In addition to genetic counseling, our maternal-fetal medicine specialists provide ultrasound and other prenatal diagnostic and fetal surgical procedures to monitor and manage low- to high-risk pregnancies.
Providing personal and attentive care in a state-of-the-art setting
Perinatologists in the Maternal-Fetal Medicine Clinic at Valley Medical Center have 2-3 years additional, specialized obstetrics/gynecology training focused on the assessment and management of high-risk pregnancies.
Pregnancy can be an exciting and confusing time. Before choosing any prenatal tests, you should discuss this information with your provider and/or genetic counselor. By doing so, you will obtain the information you need to make the best decisions for you and your baby.
Most babies are born healthy, but all pregnant women have a 3 to 5 percent chance of having a baby with a birth defect or mental retardation. For parents who are concerned about these risks, prenatal testing can help detect some problems. Your test results can reassure you that your baby is healthy, help you prepare for a baby with special needs or alert you if a serious problem is detected.
|Prenatal Genetic Testing:
Making an Informed Decision
View this informative video series
(Courtesy of the Department of Health)
Should You Consider Genetic Carrier Screening?
Current medical guidelines recommend offering genetic carrier screening to all couples who are pregnant or those considering pregnancy.
Learn more. Prueba de detección de portador genético.
Should You Consider Genetic Counseling?
If you're concerned about inherited health risks or don't know your family health history, genetic counseling may be helpful.
CVS: Chorionic villus sampling involves removing a small amount of tissue from the placenta between weeks 11 and 13. The doctor removes this tissue either by going through the mother’s abdomen with a thin needle, or through the vagina with a thin tube. UItrasound is used to help guide the doctor during the procedure
Amniocentesis: Amniocentesis involves removing a small amount of amniotic fluid (water that surrounds the baby). The doctor uses ultrasound to help guide a thin needle through the mother’s abdomen to get this fluid. This test is done any time after 16 weeks.
Fetal echocardiogram, also known as cardiac ultrasound, is used to look at the heart of a fetus as it works. This test is read by cardiologists who specialize in diagnosing fetal heart defects. It's a simple, painless procedure done in the same way that ultrasound pictures are taken of a fetus in a pregnant woman’s womb. Click here for the Fetal Echo Referral Form.
During your pregnancy, you can choose a prenatal screening and/ or diagnostic test. A screening test shows if a pregnancy may be at risk for certain conditions (like Down syndrome), but cannot actually diagnose them. Most screening tests require a blood draw. Some also use a nuchal translucency (NT) ultrasound to measure the fluid at the back of the baby’s neck. Screening tests do not increase the risk for miscarriage. Information from screening tests can be used to decide whether to have a diagnostic test such as chorionic villus sampling (CVS) or amniocentesis. A prenatal diagnostic test is used to diagnose certain conditions such as Down syndrome during pregnancy. Diagnostic tests are offered to women who have had a positive screening test, are over 34 years old, have had a previous pregnancy or child with a genetic condition, or who have a family or personal history of a genetic condition. Prenatal diagnostic tests involve a small risk of miscarriage.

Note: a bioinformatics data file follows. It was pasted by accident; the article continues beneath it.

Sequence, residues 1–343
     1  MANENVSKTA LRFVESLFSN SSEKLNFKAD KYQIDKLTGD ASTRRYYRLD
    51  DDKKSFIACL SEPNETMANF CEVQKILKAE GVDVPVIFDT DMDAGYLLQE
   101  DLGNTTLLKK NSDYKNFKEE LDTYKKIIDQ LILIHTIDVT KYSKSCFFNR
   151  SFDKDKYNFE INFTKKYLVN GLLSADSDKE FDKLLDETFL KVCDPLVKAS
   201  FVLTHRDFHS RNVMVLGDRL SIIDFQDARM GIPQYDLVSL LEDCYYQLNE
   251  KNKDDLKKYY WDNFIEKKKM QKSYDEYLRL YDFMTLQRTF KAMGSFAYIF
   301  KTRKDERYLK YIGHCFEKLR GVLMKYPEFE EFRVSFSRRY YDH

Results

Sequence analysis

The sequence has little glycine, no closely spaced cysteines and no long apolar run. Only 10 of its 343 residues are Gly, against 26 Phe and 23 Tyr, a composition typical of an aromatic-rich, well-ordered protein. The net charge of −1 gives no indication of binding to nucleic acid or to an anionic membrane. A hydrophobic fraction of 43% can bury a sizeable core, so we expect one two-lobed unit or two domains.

REMEMBER: A screening test only estimates the chance for certain problems. A positive screen does not mean there is definitely a problem with the baby. If your screening test is positive, you can talk to a genetic counselor about the results. A genetic counselor can help you understand the results and work with you to decide if you should have a prenatal diagnostic test.
Maternal fetal medicine doctors are specialists who have many years of experience with high-risk pregnancies and special procedures. The most recent studies suggest that the risk for complications and miscarriage after CVS or amniocentesis is very low with experienced providers such as ours.
After your procedure, you can do most normal activities, including walking and driving. For the next 24 hours, you should not lift anything heavier than 10 pounds, participate in strenuous activity or exercise, or have sexual intercourse.
Results are usually ready in about 2 weeks. A genetic counselor will call you to discuss the results as soon as they are available. Your doctor/midwife will also receive a notice about your results.
No. Both CVS and amniocentesis will identify chromosome conditions such as Down syndrome and are sometimes used to test for other genetic conditions. However, these tests do not detect every genetic condition or birth defect.
You can learn more about your options by talking to your doctor/midwife or by calling our schedulers at our Maternal Fetal Medicine Clinic to set up an appointment with a genetic counselor. They are available Monday through Friday.
Insurers typically take standard medical guidelines into consideration when determining coverage for testing. Coverage of routine screening tests and Cell Free DNA screening typically depends upon an individual patient’s risk factors (age, family history, blood and ultrasound screening results). If you have questions about your own plan, coverage and out of pocket costs, we recommend you speak with your insurer.